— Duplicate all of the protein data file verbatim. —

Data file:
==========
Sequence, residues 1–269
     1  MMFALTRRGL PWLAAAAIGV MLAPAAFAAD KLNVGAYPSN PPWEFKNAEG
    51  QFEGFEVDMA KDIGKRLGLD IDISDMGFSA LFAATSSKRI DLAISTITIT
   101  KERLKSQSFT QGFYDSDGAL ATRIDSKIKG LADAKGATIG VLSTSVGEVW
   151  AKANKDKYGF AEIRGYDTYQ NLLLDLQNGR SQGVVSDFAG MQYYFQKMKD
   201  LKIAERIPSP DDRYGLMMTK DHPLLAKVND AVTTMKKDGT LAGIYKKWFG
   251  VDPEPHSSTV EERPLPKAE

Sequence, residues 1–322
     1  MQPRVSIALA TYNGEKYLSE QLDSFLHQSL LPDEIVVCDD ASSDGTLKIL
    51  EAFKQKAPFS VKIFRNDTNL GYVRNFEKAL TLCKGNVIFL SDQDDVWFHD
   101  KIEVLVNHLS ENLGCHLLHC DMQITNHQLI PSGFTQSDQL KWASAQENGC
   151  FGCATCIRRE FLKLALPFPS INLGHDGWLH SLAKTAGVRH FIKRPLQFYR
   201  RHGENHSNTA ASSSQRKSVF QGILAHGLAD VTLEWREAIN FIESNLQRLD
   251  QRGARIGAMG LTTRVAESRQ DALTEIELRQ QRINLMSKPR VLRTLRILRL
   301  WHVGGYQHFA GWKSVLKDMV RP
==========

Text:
Sequence, residues 1–269
     1  MMFALTRRGL PWLAAAAIGV MLAPAAFAAD KLNVGAYPSN PPWEFKNAEG
    51  QFEGFEVDMA KDIGKRLGLD IDISDMGFSA LFAATSSKRI DLAISTITIT
   101  KERLKSQSFT QGFYDSDGAL ATRIDSKIKG LADAKGATIG VLSTSVGEVW
   151  AKANKDKYGF AEIRGYDTYQ NLLLDLQNGR SQGVVSDFAG MQYYFQKMKD
   201  LKIAERIPSP DDRYGLMMTK DHPLLAKVND AVTTMKKDGT LAGIYKKWFG
   251  VDPEPHSSTV EERPLPKAE

Sequence, residues 1–322
     1  MQPRVSIALA TYNGEKYLSE QLDSFLHQSL LPDEIVVCDD ASSDGTLKIL
    51  EAFKQKAPFS VKIFRNDTNL GYVRNFEKAL TLCKGNVIFL SDQDDVWFHD
   101  KIEVLVNHLS ENLGCHLLHC DMQITNHQLI PSGFTQSDQL KWASAQENGC
   151  FGCATCIRRE FLKLALPFPS INLGHDGWLH SLAKTAGVRH FIKRPLQFYR
   201  RHGENHSNTA ASSSQRKSVF QGILAHGLAD VTLEWREAIN FIESNLQRLD
   251  QRGARIGAMG LTTRVAESRQ DALTEIELRQ QRINLMSKPR VLRTLRILRL
   301  WHVGGYQHFA GWKSVLKDMV RP